2020 grad is 1st to earn degree in organizational leadership with project management focus

Melanie Roemer: ‘I found I was supposed to be a project manager!’

May 1, 2020

Editor's note: This story is part of a series of profiles of notable spring 2020 graduates.

You know how you can be apartment or house hunting and walk into a space you know you were meant to live in? ASU graduate Melanie Roemer Melanie Roemer completed the BA in organizational leadership with a concentration in project management online while working full time at PayPal in Chandler, Arizona. Download Full Image

That’s the feeling ASU graduate Melanie Roemer had intellectually during her first week in Jennifer Chandler’s course OGL 320: Foundations of Project Management.

“It was my third semester at ASU (fall 2018) and within the first week of the course, I realized I was supposed to be a project manager!” recalled Roemer, who lives in San Tan Valley and has completed her degree through ASU Online. “I felt comfortable, normal, and like my search for what I ‘should’ be doing with my life was answered. It was really natural, and I found myself wanting to know as much as possible about being a good project manager.”

This week she’s graduating summa cum laude from ASU’s College of Integrative Sciences and Arts with a Bachelor of Arts in organizational leadership and is the first student at ASU to complete this degree with the concentration in project management.

Roemer had been on track to finish her organizational leadership major in fall 2019, but as soon as she learned that the new concentration was an option, she contacted her adviser and changed course.

“It pushed my graduation date out two more semesters, but I'm so happy I did it,” she said. “The extra coursework helped my understanding of project management immensely.”

Roemer is rightly proud of having completed the degree with a 4.0 GPA while working full time, a goal she set for herself when she was first admitted to ASU. 

“There were times when I was working and going to school full time that it felt like too much, but I’m glad that I dug in harder to reach my goals,” she observed. “In my time at ASU I’ve learned perseverance and the importance of setting goals.”  

After graduation, Roemer plans to take a short break and then go through the PMP (Project Management Professional) self-paced course offered by ASU Career and Professional Education, in preparation to take the PMP exam certification through the Project Management Institute. 

“I want to move into a role on a project management office team within PayPal where I work,” she said. “I’m also thinking about starting a master’s degree in the spring of 2021, but haven’t decided if that’s the route I want to take.

“I'm most excited to be part of a bigger organizational group that works cross-functionally across a large business to ensure teammates have access to tools and training they need,” she emphasized. “I love getting into the details of creating training products, launching them and reworking them. It makes me happy to know that I'm making an impact on the overall business for years to come.”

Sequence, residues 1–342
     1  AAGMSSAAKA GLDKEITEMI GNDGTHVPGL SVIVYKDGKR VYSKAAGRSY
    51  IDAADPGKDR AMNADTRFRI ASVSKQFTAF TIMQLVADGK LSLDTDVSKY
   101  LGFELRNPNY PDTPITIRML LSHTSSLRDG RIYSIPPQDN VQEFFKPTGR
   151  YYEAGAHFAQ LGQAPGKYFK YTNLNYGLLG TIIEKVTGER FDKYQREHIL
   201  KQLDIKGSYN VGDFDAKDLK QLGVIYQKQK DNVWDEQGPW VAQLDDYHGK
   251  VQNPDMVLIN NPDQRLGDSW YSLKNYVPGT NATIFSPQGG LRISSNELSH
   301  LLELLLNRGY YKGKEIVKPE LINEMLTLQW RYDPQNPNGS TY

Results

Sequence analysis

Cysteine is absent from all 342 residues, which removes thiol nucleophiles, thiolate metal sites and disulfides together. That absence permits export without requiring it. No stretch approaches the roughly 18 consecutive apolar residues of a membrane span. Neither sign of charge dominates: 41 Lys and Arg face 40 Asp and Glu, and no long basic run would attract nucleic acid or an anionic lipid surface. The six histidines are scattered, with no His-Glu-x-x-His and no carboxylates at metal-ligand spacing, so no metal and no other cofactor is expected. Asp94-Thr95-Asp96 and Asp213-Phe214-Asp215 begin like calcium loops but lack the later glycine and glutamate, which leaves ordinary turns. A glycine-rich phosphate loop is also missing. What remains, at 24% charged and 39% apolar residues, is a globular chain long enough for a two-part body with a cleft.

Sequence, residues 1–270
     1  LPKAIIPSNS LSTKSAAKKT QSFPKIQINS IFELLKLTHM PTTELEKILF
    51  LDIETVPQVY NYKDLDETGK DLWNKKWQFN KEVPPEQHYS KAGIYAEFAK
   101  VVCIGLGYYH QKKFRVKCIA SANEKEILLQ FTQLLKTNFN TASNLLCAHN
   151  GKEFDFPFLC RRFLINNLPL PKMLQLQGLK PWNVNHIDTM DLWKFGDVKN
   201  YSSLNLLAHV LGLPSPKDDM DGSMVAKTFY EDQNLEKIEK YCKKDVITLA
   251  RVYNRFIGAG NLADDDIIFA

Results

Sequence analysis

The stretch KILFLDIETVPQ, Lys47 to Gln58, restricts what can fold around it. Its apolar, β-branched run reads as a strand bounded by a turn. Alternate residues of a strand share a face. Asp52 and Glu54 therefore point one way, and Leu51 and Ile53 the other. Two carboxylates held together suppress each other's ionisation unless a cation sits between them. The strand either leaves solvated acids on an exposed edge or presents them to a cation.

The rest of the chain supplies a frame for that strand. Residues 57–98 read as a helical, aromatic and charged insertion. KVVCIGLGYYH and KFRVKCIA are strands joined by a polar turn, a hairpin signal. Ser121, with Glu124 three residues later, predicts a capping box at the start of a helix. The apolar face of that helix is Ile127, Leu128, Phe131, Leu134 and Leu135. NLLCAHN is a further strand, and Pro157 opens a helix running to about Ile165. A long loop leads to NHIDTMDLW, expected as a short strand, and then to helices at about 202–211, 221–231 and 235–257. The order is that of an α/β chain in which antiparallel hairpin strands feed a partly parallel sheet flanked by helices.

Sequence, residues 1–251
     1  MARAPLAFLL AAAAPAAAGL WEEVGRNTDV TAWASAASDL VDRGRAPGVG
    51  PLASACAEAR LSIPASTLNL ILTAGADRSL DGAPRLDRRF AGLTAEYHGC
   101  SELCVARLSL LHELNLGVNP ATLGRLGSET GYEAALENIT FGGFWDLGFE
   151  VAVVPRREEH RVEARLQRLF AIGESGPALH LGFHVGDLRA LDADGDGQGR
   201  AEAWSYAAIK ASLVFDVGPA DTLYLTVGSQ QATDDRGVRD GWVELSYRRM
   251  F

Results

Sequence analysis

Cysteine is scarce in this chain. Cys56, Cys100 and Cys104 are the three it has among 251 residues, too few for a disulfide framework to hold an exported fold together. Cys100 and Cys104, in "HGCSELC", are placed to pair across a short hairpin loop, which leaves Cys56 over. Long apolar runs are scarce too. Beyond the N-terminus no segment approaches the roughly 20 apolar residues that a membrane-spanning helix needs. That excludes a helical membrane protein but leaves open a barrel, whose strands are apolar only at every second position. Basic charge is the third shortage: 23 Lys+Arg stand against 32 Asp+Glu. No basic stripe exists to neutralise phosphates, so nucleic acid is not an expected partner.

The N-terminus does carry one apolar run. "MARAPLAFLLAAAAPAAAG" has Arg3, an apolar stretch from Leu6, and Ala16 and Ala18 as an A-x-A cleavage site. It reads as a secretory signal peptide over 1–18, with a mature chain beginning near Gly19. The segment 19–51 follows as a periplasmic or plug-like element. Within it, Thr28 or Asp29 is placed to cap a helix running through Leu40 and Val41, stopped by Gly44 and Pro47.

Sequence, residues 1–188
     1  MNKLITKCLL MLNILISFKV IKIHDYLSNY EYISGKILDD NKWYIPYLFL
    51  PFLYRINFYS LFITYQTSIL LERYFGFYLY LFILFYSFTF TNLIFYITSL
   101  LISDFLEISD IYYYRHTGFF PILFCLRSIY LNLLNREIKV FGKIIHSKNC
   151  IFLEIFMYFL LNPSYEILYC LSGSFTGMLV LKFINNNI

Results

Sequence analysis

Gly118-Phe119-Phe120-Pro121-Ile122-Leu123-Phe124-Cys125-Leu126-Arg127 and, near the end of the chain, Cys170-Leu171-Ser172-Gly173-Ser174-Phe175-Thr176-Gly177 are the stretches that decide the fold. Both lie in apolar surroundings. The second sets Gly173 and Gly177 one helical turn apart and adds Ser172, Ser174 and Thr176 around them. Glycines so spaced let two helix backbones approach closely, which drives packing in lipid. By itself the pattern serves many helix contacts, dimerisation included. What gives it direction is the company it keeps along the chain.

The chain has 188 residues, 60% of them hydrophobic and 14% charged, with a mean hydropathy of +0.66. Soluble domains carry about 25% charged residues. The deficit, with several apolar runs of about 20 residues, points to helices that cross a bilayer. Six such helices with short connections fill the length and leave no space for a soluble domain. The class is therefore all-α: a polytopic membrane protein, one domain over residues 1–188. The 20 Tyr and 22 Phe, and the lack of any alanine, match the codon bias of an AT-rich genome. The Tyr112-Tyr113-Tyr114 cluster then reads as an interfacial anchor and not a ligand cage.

Roemer shared some additional reflections about her ASU journey.

Question: Why did you choose ASU?

Answer: I chose to attend ASU because of ASU’s innovation and availability of online degrees. I’m unable to attend classes in person because I have two preexisting medical conditions that make being on campus very difficult. Walking all around campus is not something I am able to do because I have pulmonary hypertension. I have an oxygen concentrator that helps, but I am short of breath even while using it. I get tired easily. I also have a condition called common variable immunodeficiency (CVID) which means my body doesn’t produce any antibodies. It makes me very susceptible to illness. I wanted to protect myself, and going to school online was the perfect solution for me.

Q: Which professor taught you the most important lesson while at ASU?  

A: Dr. Stephen Davis taught me how to be an effective leader through his Assessment of Leadership class. It was one of the hardest classes I took in my time at ASU and my favorite. I am constantly rethinking how I can become a better leader. We were also inducted into Omicron Delta Kappa together in the same class!

Dr. Margaret Allen taught me the value of being patient with myself. This semester has been very draining emotionally and physically, but she told me in one of our emails to breathe, and I took it to heart. It made all of the difference in my outlook for the rest of the semester.

Q: What’s the best piece of advice you’d give to those still in school?

A: Contact your professor if you’re struggling! They’re humans, too, and want to see you succeed!

Q: What was your favorite spot for power studying?

A: I curated a space out of our spare bedroom with a desk, tapestry and day bed. My favorite place is to snuggle into the day bed with a couple of our dogs and write papers. They like to keep me company. 

Q: If someone gave you $40 million to solve one problem on our planet, what would you tackle?